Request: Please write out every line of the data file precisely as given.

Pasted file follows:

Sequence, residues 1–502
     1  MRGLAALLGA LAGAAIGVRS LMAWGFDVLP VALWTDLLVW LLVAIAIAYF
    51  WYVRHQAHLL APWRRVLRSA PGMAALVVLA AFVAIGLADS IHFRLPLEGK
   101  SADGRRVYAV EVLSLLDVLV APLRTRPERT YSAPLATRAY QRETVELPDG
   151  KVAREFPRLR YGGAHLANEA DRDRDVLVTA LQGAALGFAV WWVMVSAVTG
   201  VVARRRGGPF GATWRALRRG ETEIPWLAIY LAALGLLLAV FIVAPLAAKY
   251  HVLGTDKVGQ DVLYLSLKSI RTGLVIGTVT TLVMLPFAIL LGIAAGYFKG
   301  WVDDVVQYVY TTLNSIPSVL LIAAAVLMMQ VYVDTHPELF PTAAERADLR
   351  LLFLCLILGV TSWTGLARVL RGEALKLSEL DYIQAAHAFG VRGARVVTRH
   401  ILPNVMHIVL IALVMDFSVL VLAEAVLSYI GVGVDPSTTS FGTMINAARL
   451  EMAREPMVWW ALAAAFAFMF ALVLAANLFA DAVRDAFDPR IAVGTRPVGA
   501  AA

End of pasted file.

Sequence, residues 1–502
     1  MRGLAALLGA LAGAAIGVRS LMAWGFDVLP VALWTDLLVW LLVAIAIAYF
    51  WYVRHQAHLL APWRRVLRSA PGMAALVVLA AFVAIGLADS IHFRLPLEGK
   101  SADGRRVYAV EVLSLLDVLV APLRTRPERT YSAPLATRAY QRETVELPDG
   151  KVAREFPRLR YGGAHLANEA DRDRDVLVTA LQGAALGFAV WWVMVSAVTG
   201  VVARRRGGPF GATWRALRRG ETEIPWLAIY LAALGLLLAV FIVAPLAAKY
   251  HVLGTDKVGQ DVLYLSLKSI RTGLVIGTVT TLVMLPFAIL LGIAAGYFKG
   301  WVDDVVQYVY TTLNSIPSVL LIAAAVLMMQ VYVDTHPELF PTAAERADLR
   351  LLFLCLILGV TSWTGLARVL RGEALKLSEL DYIQAAHAFG VRGARVVTRH
   401  ILPNVMHIVL IALVMDFSVL VLAEAVLSYI GVGVDPSTTS FGTMINAARL
   451  EMAREPMVWW ALAAAFAFMF ALVLAANLFA DAVRDAFDPR IAVGTRPVGA
   501  AA